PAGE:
Since its founding in 1956, the National University of Natural Medicine (NUNM) has built a strong base from which to look back 2,000 years, to the ancient roots of classical Chinese medicine. Now, NUNM looks to the future by launching the first-of-its-kind, first-year online naturopathic degree program.
Celebrating 65 Years
The history of NUNM starts in 1956 with its founding as the National College of Naturopathic Medicine (NCNM). Back then, allopathic medicine assumed a primary role in the lives of Americans, supported by the increasing development of pharmaceutical medicine and innovations in healthcare technology. At the same time, the decline of the naturopathic medicine profession brought it teetering on the brink of extinction, as naturopathic medical schools closed their doors throughout the country. NCNM was the sole holdout.
Six and a half decades later, NUNM has graduated 3,379 alumni who practice in nearly every U.S. state and Canadian province, as well as in many foreign countries. Over 50% of the licensed naturopathic physicians practicing in the United States are graduates of NUNM.
To celebrate its 65th year, NUNM is ushering in a new era of naturopathic education with a focus on enhanced equity and increased access.
First-year Online ND Program Launches
Amidst a harrowing year when the world went virtual due to a global pandemic, NUNM responded by launching an innovative, first-of-its-kind program — an online Doctorate of Naturopathic Medicine that offers prospective healthcare providers a more affordable, accessible first year of medical school.
Starting with the Fall 2021 term, the four-year track program will mix online, self-paced coursework and synchronous, scheduled tutorials with NUNM’s nationally recognized faculty. Incoming online students can expect the same intensive rigor of the on-site ND program, but from the comfort and convenience of their own study space.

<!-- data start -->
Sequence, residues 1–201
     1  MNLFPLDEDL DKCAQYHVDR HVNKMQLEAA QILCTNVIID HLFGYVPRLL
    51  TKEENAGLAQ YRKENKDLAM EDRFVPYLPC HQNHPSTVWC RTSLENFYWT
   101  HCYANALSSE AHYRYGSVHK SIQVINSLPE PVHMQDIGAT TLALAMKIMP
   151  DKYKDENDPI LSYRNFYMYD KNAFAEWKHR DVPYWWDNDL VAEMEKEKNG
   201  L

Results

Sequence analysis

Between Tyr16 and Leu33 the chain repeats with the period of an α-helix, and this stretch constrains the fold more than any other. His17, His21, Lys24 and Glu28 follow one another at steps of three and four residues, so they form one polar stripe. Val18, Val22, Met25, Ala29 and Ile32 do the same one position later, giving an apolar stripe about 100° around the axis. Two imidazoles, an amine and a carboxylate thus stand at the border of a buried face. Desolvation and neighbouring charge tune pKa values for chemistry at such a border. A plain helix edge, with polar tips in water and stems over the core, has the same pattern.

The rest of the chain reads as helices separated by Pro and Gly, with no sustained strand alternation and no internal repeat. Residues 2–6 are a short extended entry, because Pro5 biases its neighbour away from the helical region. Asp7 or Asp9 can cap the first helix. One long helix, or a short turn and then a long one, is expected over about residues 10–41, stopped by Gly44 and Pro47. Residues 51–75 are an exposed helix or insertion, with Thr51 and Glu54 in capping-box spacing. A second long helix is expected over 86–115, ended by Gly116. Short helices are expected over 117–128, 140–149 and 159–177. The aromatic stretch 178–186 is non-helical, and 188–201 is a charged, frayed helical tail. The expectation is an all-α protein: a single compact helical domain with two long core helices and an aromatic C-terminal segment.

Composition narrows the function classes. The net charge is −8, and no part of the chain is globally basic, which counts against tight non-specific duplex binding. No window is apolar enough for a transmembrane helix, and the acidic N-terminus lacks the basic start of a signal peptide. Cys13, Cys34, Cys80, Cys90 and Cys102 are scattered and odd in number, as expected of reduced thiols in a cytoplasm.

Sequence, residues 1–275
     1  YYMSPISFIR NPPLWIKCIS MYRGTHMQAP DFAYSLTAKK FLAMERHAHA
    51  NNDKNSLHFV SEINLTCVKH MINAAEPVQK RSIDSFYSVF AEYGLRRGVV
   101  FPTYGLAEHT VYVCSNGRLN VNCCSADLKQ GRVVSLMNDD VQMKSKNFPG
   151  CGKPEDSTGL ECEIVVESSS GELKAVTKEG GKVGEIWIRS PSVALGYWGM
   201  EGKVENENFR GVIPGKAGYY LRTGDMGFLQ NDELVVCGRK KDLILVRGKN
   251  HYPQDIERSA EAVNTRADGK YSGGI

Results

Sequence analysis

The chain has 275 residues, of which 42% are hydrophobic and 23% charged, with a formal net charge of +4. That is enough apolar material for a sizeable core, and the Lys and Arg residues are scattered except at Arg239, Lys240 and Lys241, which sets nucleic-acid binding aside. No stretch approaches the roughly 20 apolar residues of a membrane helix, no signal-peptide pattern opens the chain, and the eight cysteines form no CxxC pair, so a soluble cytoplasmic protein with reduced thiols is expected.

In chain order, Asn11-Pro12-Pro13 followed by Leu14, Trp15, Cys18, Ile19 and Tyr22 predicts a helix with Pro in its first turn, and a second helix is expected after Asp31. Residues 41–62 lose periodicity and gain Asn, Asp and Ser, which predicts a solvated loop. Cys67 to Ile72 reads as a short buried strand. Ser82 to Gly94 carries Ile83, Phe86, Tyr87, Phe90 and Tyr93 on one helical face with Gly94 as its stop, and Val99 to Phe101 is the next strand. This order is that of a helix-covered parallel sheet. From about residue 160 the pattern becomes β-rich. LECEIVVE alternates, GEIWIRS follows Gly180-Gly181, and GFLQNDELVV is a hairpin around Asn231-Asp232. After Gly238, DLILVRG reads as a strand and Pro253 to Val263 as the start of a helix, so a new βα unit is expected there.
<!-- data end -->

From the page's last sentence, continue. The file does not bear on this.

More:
“Traditionally, first-year students may travel or relocate to Portland to attend school. Not only does this present financial challenges, but it can be especially difficult during the pandemic,” says Program Dean Kelly Baltazar, ND, DC. “We listened and pivoted quickly to meet learners where they are.”
Investing in Equity & Access: Tuition Freeze, Anti-racism Training & Funding
Many students struggle to balance their coursework with everyday life, with the COVID-19 pandemic further exacerbating the opportunity divide in higher education.
In response to these challenges, NUNM announced a tuition freeze for the coming school year and waived application fees for prospective students. NUNM believes a meaningful investment in education equity means prioritizing access over profit.
The tuition freeze is only one piece of NUNM’s commitment to equity and increased access. Over the past several months, faculty and staff members have participated in implicit bias trainings, while the Office of Equity and Inclusion (OEI) has created safe spaces and programming to support our Black, Indigenous, and People of Color (BIPOC) community members. This year, OEI will also launch a leadership development program and speaker series to support the continued growth and success of students and staff.
Travel Resumes for IPSL Grad Program
With the relaxing of international travel restrictions due to the COVID-19 pandemic, NUNM has restarted the application process for its global learning graduate degree programs.
A partnership with the International Partnership for Service-Learning and Leadership (IPSL), NUNM’s School of Graduate Studies offers two master’s degrees: a Master of Arts in International Development and Service, and a Master of Arts in Community Organizing and Social Activism. These yearlong programs are designed for students to study, volunteer and conduct advocacy research with organizations in Colombia, Guatemala, Greece, Peru, South Africa and Ireland.
Cultivating Calm at NUNM’s Helfgott Research Institute
Titled “Cultivating Calm,” the study centers on trauma-informed yoga practice, which recognizes that traumatic experience can leave a lasting imprint on one’s physical, mental and emotional state. For this reason, trauma-informed yoga is intended to down-regulate the nervous system.